Theses Doctoral

Making the Fiscal Contract Work: The Politics of Tax Evasion, Tax Enforcement, and Redistributive Fiscal Governance

Paci, Simone

Is tax evasion political? How do fiscal politics change when a substantial share of taxpayers decide to shirk on their fiscal burden? In the economics literature, a well-established tradition of work has investigated the behavioral and institutional determinants of taxpaying, informing polices on how to improve compliance. However, existing work has remained conspicuously silent on the political fallout from tax noncompliance. The projects in this dissertation begin filling this gap. In the first paper, I turn to local tax politics and ask when local officials are better able to handle subnational taxation in a high-evasion environment. Exploring the Italian case, I show that mayors born in the town are better suited for tax governance, increasing enforcement, tax rates, and revenue.

In my second project, I move to national tax politics and investigate the impact of information about tax cheating by the rich on public preferences for taxing the rich. Leveraging an original survey experiment conducted in Italy, I document a negative impact of perceived cheating by the rich on demand for tax progressivity.

Finally, in the third study, I flip the question and ask whether tax enforcement can impact revealed public preference for redistribution. With three empirical case studies in Italy, Slovakia, and Australia, I argue and provide evidence for a twin dynamic. When enforcement is successful and popular, individuals display greater propensity for redistribution. This is the case in Italy, where an electorally-popular crackdown on property-tax evasion causes increases in donations to local public-benefit non-profit initiatives.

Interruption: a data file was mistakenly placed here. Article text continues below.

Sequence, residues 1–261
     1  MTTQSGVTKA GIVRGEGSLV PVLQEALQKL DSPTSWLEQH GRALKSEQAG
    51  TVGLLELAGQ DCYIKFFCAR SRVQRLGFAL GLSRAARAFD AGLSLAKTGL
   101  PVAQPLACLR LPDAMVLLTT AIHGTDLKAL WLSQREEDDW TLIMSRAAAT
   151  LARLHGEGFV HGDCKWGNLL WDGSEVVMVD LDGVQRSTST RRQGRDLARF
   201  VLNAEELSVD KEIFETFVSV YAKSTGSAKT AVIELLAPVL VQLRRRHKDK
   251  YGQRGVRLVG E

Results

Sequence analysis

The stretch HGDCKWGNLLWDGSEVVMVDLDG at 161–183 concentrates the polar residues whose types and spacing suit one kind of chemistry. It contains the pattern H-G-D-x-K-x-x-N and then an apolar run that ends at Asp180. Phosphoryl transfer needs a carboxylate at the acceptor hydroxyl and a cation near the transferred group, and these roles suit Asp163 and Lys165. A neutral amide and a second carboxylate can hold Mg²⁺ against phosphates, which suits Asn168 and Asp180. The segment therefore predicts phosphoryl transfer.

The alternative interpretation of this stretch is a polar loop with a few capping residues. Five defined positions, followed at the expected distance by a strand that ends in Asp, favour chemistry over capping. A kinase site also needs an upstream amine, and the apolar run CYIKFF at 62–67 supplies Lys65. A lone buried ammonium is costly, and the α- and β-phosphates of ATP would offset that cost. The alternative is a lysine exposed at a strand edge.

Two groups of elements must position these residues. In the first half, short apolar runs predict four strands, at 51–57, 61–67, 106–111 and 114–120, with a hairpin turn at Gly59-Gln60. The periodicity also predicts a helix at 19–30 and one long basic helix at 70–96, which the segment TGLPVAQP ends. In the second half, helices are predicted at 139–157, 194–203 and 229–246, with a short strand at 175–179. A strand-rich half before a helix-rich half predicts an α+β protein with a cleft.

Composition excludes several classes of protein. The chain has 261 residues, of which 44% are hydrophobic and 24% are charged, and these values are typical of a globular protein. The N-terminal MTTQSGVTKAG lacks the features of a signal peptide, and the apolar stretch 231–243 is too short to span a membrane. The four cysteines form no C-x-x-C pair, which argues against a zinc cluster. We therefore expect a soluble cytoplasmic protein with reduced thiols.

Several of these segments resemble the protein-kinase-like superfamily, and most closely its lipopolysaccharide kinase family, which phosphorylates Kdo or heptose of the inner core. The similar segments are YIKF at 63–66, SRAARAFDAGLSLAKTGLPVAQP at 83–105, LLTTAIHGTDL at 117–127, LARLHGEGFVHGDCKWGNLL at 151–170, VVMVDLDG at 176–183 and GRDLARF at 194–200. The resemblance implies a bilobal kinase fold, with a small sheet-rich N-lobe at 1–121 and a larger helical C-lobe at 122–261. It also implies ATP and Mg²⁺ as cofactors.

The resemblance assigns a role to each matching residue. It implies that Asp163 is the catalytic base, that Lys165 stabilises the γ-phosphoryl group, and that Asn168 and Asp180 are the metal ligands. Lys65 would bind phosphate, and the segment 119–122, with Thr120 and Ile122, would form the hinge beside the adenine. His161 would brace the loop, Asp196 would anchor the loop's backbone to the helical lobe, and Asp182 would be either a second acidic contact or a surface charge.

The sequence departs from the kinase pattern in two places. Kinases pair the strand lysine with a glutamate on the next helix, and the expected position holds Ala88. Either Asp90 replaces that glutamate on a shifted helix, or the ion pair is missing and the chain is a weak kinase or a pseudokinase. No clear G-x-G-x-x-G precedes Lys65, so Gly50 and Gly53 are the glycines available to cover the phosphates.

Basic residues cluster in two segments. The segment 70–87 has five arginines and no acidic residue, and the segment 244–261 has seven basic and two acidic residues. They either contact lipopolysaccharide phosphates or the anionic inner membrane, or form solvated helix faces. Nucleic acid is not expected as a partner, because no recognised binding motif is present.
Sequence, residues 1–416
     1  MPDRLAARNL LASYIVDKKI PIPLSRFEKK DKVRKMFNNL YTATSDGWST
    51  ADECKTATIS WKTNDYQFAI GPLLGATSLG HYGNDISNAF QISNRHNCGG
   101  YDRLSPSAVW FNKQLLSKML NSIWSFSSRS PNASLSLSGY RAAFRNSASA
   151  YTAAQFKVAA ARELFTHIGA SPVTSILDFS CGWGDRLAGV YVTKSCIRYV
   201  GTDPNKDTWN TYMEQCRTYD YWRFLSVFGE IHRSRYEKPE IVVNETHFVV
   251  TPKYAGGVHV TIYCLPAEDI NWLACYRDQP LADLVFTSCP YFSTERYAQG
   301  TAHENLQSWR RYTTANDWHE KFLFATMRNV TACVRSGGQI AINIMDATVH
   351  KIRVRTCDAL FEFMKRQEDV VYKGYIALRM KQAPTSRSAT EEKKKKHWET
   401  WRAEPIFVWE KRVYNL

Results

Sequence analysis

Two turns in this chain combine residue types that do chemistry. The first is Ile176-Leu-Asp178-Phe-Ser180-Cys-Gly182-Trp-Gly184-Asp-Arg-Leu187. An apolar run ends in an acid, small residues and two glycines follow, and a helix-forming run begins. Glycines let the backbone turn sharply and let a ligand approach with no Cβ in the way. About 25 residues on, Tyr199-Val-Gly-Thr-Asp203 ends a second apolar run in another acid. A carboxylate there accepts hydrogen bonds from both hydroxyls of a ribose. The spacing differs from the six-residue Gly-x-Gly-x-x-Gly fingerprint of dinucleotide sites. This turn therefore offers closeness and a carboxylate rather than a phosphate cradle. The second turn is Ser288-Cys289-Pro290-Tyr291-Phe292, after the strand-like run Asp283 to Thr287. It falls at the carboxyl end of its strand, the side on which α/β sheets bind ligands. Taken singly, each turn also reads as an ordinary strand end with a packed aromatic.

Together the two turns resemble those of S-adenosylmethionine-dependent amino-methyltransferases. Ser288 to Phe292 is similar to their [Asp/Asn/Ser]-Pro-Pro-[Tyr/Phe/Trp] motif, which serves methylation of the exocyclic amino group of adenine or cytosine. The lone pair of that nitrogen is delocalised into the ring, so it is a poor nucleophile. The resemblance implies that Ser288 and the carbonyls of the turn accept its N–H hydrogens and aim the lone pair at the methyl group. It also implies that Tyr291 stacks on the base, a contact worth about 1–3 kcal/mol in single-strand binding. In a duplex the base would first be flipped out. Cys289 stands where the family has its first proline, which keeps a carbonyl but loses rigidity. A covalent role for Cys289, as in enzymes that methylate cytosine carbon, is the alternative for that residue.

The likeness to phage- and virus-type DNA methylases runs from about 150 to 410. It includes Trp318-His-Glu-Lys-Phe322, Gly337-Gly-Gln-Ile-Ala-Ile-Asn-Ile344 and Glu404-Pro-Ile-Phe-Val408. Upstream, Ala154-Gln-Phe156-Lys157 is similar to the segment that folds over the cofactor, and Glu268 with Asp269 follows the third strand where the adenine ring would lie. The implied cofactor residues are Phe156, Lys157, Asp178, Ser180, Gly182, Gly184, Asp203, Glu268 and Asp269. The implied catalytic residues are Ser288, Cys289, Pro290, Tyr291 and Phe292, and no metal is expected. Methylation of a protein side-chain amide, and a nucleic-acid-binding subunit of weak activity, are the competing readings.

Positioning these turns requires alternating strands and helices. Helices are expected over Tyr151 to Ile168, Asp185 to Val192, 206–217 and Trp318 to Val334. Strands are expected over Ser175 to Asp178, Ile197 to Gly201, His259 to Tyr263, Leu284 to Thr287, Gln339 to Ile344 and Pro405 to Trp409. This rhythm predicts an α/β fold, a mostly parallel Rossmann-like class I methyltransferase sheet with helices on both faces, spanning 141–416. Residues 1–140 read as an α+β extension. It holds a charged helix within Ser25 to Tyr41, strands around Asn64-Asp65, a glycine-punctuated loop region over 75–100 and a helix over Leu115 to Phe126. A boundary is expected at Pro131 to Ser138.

By contrast, when enforcement is not perceived as successful or causes backlash by taxpayers, I document opposite reaction. In Slovakia, where enforcement is not perceived as credible, publicized audits against local businesses lead to decreases in local charitable donations. Similarly, in Australia, crackdowns against tax-avoidance schemes in the summer of 1998 caused widespread protests and led to electoral shifts in favor of a regressive tax reform in the October 1998 election. Taken together, the findings of this dissertation conclusively demonstrate that tax evasion is indeed political. Enforcement and noncompliance at both national and subnational level have deep political roots and implications for the broader politics of the fiscal contract, potentially upholding or stymieing the prospects of redistribution.

Geographic Areas


This item is currently under embargo. It will be available starting 2028-04-04.

More About This Work

Academic Units
Political Science
Thesis Advisors
Huber, John D.
Ph.D., Columbia University
Published Here
April 12, 2023